The methodological quality of the included trials was generally poor. Five trials reported that random sequence was generated by a random number table [18] and only one trail generated it by the envelope method [19]; the remaining 21 trials only mentioned random allocation without any description of the method of randomization. There was no allocation concealment mentioned in all the articles. Only one trial mentioned blinding of participants and blinding of outcome assessment [17]. Two articles reported incomplete outcome data and selective reporting [20, 21]. About 20% trials showed high risk of bias in incomplete outcome data. Other potential sources of bias were unclear. Therefore, the quality of all the included trails was graded as high risk of bias. The details of the methodological quality were presented in Figure 2 and Table 2.

Table 2: Risk of bias assessment of included studies.
Figure 2: Risk of bias assessment of included studies.
3.3. Publication Bias

Publication bias was assessed using a funnel plot based on the total efficacy rate reported in 18 trials. The funnel plot was asymmetrical, which indicated that the potential publication bias might influence the results of this review. The bias might result from these reasons: small sample size, poor quality, and a high proportion of positive results (Figure 3).

Figure 3: Funnel plot of SXBXP plus conventional treatment versus conventional treatment on total efficacy rate in patients with CHF.
3.4. Effects of Interventions
3.4.1. Primary Outcome Measures

A total of 18 trials with 1735 patients investigated the total efficacy rate of SXBXP plus conventional treatment in improving NYHA classification in patients with chronic heart failure [1820, 2235]. There were 831 patients in experiment group and 904 in control group. The result showed that there was no heterogeneity (, = 0%) and the fixed effect model was adopted for analysis. As shown in forest plot, there was a statistically significant difference between SXBXP plus conventional treatment and conventional treatment alone in the total efficacy rate (OR, 3.88; 95% CI, 2.87, 5.26; ) (Figure 4).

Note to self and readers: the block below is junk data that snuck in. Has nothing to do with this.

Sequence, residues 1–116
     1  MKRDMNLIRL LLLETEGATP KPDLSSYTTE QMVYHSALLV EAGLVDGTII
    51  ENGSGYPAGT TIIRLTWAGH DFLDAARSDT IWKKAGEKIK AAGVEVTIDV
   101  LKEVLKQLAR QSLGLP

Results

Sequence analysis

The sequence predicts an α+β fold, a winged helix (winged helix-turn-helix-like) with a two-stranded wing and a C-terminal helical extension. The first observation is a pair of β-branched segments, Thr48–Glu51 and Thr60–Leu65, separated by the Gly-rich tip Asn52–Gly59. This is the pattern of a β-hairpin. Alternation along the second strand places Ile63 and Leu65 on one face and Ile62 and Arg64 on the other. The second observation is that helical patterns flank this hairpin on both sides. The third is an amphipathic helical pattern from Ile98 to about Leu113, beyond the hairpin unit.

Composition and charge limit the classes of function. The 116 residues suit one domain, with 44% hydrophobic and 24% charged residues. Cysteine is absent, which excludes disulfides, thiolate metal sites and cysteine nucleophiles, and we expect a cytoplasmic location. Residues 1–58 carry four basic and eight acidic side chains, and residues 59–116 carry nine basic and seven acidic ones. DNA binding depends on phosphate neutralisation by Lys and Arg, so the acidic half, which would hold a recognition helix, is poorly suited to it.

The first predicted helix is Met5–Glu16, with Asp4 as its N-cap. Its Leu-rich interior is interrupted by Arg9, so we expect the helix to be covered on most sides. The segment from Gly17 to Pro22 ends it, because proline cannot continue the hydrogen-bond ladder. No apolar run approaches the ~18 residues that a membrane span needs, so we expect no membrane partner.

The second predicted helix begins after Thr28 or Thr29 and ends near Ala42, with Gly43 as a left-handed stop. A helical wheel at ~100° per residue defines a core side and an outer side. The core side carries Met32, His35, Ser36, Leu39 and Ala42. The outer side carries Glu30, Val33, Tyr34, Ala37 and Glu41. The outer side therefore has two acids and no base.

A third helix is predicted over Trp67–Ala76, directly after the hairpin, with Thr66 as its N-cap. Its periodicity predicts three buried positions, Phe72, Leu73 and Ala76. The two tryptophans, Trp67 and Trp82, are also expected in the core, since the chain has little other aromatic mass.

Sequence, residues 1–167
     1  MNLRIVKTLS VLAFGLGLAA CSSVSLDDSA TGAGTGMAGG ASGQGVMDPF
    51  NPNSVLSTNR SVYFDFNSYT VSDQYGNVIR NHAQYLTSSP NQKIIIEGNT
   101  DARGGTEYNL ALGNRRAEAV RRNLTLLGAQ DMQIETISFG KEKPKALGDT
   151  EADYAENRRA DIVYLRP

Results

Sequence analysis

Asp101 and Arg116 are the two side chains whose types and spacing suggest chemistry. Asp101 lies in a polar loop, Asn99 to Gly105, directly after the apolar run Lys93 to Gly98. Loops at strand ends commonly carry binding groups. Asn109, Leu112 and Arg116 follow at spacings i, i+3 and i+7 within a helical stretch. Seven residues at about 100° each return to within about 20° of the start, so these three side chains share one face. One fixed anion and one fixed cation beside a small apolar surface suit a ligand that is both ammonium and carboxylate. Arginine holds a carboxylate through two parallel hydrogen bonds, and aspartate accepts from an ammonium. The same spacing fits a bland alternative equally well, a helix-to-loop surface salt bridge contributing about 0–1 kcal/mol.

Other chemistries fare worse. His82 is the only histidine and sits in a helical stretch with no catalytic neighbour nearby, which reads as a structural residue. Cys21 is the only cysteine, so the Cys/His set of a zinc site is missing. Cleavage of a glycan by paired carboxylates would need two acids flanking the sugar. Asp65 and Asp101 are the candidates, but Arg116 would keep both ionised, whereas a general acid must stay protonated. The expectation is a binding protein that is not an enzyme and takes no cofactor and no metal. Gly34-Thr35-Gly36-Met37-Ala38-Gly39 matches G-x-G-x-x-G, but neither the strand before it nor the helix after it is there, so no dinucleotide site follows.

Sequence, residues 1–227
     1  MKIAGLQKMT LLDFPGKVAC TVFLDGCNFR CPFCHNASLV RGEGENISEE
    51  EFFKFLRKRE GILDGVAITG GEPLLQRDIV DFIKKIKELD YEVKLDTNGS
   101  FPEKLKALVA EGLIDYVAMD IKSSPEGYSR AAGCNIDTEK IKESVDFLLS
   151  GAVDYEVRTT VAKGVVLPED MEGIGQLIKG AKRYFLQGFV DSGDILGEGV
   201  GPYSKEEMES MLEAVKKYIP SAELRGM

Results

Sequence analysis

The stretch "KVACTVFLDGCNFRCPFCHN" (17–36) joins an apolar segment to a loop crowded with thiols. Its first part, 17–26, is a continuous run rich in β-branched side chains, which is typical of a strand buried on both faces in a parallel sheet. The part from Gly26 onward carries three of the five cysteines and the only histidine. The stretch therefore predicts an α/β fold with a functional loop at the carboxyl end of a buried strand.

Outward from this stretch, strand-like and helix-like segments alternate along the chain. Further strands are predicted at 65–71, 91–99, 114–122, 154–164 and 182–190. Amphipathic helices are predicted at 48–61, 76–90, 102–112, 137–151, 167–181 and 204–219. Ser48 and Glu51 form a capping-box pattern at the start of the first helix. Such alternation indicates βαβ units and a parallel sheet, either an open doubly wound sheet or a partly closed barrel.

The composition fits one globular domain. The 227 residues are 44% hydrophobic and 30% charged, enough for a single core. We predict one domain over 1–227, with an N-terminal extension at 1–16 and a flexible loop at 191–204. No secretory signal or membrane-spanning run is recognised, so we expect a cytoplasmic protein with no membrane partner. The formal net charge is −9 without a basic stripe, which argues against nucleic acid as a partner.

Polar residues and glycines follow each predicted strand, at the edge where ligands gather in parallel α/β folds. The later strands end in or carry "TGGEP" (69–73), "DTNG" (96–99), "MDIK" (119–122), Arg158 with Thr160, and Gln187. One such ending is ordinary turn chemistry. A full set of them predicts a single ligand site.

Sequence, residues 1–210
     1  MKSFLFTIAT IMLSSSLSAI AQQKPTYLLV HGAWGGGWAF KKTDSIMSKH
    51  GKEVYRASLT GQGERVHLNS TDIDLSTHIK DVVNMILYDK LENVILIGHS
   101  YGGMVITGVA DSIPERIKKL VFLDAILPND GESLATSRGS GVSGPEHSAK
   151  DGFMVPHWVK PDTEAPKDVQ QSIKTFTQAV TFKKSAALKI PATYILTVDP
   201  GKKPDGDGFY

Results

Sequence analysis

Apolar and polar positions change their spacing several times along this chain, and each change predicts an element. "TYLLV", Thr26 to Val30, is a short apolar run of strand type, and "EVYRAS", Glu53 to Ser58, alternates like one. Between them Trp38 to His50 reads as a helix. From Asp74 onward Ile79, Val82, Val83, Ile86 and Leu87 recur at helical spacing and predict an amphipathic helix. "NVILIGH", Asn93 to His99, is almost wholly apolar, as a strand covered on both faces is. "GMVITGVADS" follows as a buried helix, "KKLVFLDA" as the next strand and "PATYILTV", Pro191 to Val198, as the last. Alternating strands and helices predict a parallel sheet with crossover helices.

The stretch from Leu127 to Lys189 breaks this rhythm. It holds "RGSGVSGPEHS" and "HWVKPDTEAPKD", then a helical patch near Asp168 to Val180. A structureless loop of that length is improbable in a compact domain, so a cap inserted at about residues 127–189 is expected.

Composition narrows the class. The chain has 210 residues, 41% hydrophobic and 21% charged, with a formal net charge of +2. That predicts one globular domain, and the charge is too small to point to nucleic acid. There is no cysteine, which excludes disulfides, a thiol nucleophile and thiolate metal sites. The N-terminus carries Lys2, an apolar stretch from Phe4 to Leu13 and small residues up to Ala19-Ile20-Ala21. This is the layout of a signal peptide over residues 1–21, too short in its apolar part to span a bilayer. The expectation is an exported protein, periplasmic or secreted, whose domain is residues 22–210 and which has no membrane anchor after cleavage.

Figure 4: Forest plot of SXBXP plus conventional treatment versus conventional treatment on total efficacy rate in patients with CHF. and are the criteria for the heterogeneity test, ◆ is pooled mean difference; —■— is mean difference and 95% CI.
3.4.2. Secondary Outcome Measures

(1) 1B-Type Natriuretic Peptide (BNP) and N-Terminal Pro-Brain Natriuretic Peptide (NT-Pro BNP). Four trails with 390 patients assessed the therapeutic efficacy of NT-Pro BNP [17, 31, 36, 37]. Four trails with 388 participants assessed the effect of SXBXP plus conventional treatment in decreasing BNP in patients with chronic heart failure [27, 3335]. It has considerably high heterogeneity in BNP (, = 71%), and there is no significant difference between SXBXP plus conventional treatment and conventional treatment alone on NT-Pro BNP (, = 0%). The trials reported that SXBXP plus conventional treatment was superior to conventional treatment alone to reduce NT-Pro BNP (MD = −0.15; 95% CI, −0.21, −0.09; ) (Figure 5(a)) and BNP (MD = −66.95; 95% CI, −108.57, −25.34; ) (Figure 5(b)).

Figure 5: Forest plot of SXBXP plus conventional treatment versus conventional treatment in the decrease of BNP and NT-Pro BNP. and are the criteria for the heterogeneity test; ◆ is pooled mean difference; —■— is mean difference and 95% CI. (a) is forest plot of NT-Pro BNP; (b) is forest plot of BNP.